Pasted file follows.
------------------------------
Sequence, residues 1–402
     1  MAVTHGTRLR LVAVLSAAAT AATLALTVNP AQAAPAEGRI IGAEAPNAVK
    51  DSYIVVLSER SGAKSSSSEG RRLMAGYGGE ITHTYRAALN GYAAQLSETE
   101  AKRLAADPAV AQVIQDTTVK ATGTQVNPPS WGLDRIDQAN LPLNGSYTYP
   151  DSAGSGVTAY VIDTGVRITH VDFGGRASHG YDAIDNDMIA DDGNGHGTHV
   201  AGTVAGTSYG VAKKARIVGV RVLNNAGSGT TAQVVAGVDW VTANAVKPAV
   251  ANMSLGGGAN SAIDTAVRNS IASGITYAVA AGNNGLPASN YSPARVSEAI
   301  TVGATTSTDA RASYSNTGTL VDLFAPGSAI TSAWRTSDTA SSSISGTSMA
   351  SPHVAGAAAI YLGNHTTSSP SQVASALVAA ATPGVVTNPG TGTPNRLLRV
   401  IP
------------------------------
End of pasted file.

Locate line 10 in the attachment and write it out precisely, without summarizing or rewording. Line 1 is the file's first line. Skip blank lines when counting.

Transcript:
   401  IP